The plastic material of the unitary sealing head 10 entrapped in the groove 56 between the ange 50 and the shoulder 54 is securely retained in position by the depending flange 50. This construction has been found to obviate the bottle capping problem which plagued all of the prior art disclosures. The retaining forces exerted by the ange 50 are suicient to overcome forces translated through the skirts 72 and 76 during insertion.
A further benefit derived from the construction and location of the depending ange 50 is the application of positive, uniform sealing pressure along the circumference of the outer skirt 72 and on the inner skirt 76. That is, the flange 50 applies forces directly through the skirts 72 to the surface 90 during the final phase of the inscrtion process. These forces are applied around the entire skirt 72 circumference by the annular flange 50. As a consequence, intimate continuous sealing contact is ensured between the skirt 72 and the surface 90.
As stated above, the skirt 76 depends slightly below the lower shoulder 28 of the retaining head 22. The skirt 76 does not extend downwardly or shaftwardly as great a distance as the skirt 72. Accordingly, the skirt 76 will engage the surface 90 subsequent to its engagement by the skirt 72. The inverted conical cross-sectional protile of the groove 56 provides the skirt 76 with an outer side wall which will be angularly disposed relative to a surface, e.g. 90, of a member into which the screw is inserted and relative to said shaft 20. As a result, the skirt or lower portion thereof will be urged into a position under the surface 60 of the upper shoulder 54 when the screw and plastic head 10 are fully seated. Thus, further sealing is provided for the metallic members of the screw. This construction results in positive forces being applied by the flange 50 through the inner skirt 76.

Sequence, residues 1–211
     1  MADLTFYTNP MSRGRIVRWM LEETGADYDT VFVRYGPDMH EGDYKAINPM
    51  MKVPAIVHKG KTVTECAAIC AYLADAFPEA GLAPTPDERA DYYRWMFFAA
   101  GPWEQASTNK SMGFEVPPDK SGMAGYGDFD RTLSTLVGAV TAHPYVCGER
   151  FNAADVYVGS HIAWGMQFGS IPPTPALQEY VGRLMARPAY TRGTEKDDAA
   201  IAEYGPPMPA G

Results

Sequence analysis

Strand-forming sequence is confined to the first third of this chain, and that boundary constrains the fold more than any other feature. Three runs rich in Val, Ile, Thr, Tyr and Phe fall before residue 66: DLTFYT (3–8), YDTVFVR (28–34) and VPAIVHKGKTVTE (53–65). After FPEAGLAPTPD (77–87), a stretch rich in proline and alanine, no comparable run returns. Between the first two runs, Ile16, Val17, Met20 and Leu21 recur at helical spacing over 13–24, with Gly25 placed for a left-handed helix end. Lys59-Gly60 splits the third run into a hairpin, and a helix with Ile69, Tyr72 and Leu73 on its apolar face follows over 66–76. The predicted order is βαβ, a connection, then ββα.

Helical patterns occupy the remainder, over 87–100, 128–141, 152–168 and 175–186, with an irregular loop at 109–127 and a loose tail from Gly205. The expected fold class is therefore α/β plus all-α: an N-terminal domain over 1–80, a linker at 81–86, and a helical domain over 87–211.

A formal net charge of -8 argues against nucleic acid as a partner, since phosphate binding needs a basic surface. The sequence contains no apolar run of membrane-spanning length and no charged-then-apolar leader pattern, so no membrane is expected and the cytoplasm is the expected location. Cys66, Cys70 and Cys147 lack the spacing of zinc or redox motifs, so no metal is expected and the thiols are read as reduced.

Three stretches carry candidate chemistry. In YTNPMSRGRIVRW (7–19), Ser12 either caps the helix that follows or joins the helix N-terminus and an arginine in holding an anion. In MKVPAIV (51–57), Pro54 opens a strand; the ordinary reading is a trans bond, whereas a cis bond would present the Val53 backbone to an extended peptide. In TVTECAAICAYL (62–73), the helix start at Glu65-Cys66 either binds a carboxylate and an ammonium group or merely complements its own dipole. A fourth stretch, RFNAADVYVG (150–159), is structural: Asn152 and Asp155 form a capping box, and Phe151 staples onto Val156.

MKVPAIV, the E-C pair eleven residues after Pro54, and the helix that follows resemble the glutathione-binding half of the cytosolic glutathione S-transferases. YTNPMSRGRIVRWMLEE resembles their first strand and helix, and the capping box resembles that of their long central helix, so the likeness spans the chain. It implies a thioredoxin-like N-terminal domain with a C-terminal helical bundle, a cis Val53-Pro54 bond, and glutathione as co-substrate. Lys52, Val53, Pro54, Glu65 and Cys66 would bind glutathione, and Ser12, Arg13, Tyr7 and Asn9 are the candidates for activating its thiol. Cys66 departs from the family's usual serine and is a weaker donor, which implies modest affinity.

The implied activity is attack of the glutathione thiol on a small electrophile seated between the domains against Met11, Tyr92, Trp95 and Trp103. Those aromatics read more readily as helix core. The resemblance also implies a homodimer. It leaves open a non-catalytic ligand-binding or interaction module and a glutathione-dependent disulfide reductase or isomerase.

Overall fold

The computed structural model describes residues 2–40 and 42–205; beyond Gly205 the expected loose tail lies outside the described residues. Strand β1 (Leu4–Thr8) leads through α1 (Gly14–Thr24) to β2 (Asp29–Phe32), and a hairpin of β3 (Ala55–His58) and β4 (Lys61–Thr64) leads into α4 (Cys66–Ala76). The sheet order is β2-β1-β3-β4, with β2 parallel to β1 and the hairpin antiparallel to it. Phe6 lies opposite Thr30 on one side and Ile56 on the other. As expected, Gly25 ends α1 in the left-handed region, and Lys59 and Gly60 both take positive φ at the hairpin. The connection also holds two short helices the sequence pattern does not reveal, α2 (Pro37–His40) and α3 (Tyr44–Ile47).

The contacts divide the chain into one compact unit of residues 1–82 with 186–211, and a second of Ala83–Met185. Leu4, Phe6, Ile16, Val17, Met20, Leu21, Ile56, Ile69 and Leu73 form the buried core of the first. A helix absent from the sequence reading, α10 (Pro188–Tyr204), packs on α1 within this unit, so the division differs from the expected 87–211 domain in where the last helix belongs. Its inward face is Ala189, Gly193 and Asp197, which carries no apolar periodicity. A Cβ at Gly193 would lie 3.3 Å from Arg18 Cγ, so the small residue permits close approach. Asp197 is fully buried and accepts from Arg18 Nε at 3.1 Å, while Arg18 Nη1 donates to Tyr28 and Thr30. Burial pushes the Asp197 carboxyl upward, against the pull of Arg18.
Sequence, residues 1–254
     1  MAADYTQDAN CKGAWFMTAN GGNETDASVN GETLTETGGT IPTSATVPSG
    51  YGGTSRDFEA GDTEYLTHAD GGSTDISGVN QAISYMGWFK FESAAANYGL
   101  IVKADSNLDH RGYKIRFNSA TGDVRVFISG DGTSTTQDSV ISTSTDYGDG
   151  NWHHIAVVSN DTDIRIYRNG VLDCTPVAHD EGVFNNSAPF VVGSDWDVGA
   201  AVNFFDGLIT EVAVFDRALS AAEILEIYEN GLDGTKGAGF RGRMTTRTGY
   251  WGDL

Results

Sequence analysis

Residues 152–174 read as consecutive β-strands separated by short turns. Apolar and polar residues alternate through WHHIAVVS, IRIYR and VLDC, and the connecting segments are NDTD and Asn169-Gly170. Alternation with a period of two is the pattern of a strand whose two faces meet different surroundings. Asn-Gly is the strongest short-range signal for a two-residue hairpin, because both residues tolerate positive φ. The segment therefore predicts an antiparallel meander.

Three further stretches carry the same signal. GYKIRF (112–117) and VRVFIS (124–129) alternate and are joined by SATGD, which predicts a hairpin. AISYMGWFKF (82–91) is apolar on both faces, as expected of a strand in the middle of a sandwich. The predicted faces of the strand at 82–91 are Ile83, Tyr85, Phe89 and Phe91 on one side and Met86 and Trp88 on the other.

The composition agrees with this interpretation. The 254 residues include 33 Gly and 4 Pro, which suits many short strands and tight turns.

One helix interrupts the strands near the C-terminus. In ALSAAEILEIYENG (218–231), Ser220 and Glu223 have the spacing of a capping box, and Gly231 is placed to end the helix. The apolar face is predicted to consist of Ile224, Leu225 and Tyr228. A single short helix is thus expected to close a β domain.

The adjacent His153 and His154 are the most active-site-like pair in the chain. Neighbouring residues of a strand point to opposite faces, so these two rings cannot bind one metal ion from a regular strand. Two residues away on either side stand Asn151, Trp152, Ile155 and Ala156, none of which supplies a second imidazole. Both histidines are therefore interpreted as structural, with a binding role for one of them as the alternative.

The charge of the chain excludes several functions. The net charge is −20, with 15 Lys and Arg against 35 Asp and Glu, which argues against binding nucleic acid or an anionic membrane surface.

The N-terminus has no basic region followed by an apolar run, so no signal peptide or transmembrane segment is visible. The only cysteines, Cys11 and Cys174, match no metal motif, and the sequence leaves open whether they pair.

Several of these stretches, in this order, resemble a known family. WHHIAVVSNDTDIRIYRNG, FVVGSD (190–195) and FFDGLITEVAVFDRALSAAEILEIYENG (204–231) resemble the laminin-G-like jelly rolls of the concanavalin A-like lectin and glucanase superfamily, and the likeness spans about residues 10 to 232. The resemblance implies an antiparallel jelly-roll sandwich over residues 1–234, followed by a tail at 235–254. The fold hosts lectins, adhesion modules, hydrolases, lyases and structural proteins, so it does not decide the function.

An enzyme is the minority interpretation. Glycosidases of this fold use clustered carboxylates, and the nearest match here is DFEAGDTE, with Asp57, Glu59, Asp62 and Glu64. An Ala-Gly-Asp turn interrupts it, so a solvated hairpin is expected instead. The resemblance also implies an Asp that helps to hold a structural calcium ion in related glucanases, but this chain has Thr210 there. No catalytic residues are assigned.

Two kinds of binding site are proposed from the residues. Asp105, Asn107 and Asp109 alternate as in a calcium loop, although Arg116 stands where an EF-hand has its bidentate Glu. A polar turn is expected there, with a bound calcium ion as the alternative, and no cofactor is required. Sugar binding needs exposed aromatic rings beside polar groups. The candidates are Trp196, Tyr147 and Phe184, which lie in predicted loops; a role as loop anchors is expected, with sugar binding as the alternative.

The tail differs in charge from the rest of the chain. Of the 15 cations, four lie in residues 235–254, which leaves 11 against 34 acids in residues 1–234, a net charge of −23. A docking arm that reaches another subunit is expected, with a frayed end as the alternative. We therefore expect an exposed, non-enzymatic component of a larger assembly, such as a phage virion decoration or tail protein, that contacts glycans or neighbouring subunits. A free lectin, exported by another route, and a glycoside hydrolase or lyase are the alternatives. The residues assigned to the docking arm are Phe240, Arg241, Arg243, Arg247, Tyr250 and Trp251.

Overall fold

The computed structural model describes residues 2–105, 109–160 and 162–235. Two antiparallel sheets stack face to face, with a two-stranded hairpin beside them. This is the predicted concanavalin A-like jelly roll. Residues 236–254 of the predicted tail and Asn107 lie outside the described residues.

In the use of the preferred embodiment, the annular ribs 82 are urged into engagement with the surface 90 by the ange 50 in like manner as the remainder of the ange 72. The ribs 82 provide additional areas for surface engagement or sealing as discussed above.
Having thus described by invention, what I claim as new and desire to secure by Letters Patent of the United States is:
1. A headed, externally threaded fastener having a corrosion resistant head construction scalable against a receiving member comprising: a metal shaft having an external thread thereon; a metal retaining head integral with said shaft and comprising a main body portion of substantially greater diameter than said shaft, a retaining flange depending shaftwardly from said main body portion substantially along the outer circumference of said main body portion, and a lower shoulder of lesser diameter than said main body portion formed on the underside thereof and adapted to seat against said receiving member, and an enlarged upper shoulder between the ange and said lower shoulder whereby an annular groove is formed between said retaining flange and the upper shoulder of said main body portion; and a unitary plastic sealing head molded on said retaining head comprising a torquing portion adapted to be engaged by wrenching tool, said head having a depending first skirt flaring outwardly from said torquing portion and depending shaftwardly below said retaining head, a second `inner skirt depending in concentricity with said shaft and in substantial engagement with the outer circumference of said upper shoulder and a retaining portion of said unitary plastic head ybeing disposed in said annular groove formed between said retaining liange and said upper shoulder whereby said plastic head is securely retained on said retaining head during the insertion of the said fastener into said receiving member, said fastener insertion being limited by said lower shoulder.
2. A headed, externally threaded fastener according to claim 1 wherein said second skirt extending shaftwardly a lesser distance than said first skirt.
3. A headed, externally threaded fastener according to claim 2 wherein said second skirt has an outer side wall angularly disposed relative to said shaft whereby said second skirt is urged toward said shaft upon engagement with the surface of a member into which the fastener is 15 inserted.
4. A headed, externally threaded fastener according to claim 2 wherein the underside of sai-d first skirt has a plurality of annular ribs formed thereon.
References Cited UNITED STATES PATENTS 2,439,516 4/ 1948 Holcomb 85-1 P 2,795,144 6/ 1957 Morse 85-1 JP 2,850,064 9/1958 Rapata 85-1 JP 2,983,534 5/1961 Heller et al 85-1 JP 3,134,290 5/ 1964 Jentoft 85--54 3,191,730 6/1965 Fischer 85-50 FOREIGN PATENTS 690,269 4/ 1953 Great British 85-1 IP 883,340 11/ 1961 Great Britain 85-1 JP 929,176 6/ 1963 Great Britain 85-1 JP 993,021 5/1965 Great Britain 85-1 JP MARION PARSONS, IR., Primary Examiner U.S. Cl. X.R. 85-54